Administration Ignores Law, Delays Exposing New Regulations
After three years of hyper-regulation, the Obama Administration has noticeably slowed its rulemaking in recent months. A variety of major rules have been parked in prolonged “review” by the White House, while the regulatory agenda required by statute has failed to materialize—twice. This flouting of the law is disturbing enough, but it’s made worse by the mounting regulatory uncertainty that has ensued.
Congress mandated a regulatory agenda from each agency in 1980, under the Regulatory Flexibility Act. The statute calls for release every April and October of a summary of all rules likely to have a “significant economic impact” on a substantial number of small firms. Subsequent executive orders extended the requirements to all regulations under development or review by some 60 departments, agencies, and commissions.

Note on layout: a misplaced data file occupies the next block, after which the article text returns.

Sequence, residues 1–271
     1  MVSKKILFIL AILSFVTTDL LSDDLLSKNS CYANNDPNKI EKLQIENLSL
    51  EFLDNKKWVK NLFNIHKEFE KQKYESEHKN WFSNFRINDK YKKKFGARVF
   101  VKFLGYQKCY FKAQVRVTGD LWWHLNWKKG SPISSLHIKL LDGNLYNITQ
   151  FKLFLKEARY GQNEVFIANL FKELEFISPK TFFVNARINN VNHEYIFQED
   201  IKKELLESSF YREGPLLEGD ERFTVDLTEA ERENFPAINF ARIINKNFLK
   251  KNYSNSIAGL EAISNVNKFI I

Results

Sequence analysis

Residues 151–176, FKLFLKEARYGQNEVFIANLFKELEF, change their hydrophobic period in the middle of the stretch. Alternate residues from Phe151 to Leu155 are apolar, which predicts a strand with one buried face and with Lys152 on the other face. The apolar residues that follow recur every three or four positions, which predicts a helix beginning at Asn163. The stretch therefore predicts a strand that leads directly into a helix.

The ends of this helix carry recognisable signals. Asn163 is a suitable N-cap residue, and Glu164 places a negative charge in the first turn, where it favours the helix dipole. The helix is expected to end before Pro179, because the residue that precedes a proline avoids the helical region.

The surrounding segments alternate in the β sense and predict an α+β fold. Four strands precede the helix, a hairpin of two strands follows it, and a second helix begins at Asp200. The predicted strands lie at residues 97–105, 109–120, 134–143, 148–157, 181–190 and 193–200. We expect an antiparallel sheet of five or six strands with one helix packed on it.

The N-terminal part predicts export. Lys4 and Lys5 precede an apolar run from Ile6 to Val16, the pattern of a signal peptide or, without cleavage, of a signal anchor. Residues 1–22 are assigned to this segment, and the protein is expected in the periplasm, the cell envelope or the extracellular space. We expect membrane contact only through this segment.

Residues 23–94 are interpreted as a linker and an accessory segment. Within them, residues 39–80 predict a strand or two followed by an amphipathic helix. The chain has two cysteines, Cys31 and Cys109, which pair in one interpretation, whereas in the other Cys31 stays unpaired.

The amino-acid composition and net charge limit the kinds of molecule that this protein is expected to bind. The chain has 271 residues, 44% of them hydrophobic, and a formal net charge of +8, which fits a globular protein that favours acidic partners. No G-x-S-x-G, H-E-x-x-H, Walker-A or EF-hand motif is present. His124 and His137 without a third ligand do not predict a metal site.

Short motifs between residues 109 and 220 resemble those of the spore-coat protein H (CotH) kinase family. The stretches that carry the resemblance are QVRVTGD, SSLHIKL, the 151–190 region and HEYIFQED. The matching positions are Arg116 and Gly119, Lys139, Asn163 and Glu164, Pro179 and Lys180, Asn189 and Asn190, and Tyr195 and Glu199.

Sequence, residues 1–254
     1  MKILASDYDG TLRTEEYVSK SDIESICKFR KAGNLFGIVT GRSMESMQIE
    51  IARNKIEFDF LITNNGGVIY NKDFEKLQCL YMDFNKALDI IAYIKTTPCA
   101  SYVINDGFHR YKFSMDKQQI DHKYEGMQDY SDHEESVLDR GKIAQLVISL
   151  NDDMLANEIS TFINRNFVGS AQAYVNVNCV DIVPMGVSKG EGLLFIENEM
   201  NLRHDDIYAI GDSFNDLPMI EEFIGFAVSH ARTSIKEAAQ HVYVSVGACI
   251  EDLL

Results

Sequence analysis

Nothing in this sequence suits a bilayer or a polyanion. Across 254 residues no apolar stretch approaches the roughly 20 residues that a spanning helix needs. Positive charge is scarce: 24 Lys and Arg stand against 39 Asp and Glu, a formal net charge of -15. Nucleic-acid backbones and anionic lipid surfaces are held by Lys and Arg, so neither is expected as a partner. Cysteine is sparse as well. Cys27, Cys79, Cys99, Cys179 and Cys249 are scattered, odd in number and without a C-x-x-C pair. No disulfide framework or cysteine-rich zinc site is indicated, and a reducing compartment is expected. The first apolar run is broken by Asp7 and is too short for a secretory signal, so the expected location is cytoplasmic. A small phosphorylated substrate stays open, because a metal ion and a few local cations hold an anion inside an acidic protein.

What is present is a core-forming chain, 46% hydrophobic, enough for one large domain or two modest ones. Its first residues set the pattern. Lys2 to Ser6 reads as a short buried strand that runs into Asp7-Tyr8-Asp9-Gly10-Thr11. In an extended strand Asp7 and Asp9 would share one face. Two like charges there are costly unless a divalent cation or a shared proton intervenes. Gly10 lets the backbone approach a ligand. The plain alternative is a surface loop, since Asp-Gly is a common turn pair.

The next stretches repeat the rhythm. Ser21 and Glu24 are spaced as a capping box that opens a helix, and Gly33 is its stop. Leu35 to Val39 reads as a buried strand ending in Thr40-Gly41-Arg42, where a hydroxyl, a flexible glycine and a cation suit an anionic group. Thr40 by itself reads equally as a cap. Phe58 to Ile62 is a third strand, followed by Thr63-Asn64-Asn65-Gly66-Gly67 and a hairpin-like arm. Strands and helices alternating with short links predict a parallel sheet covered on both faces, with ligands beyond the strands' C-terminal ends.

President Obama has ignored both the April 2012 and October 2012 agenda deadlines. The last agenda from the Administration, with 2,676 regulations, was published in fall 2011. The President’s neglect of the law contradicts his promise of an “unprecedented level of openness in government transparency.”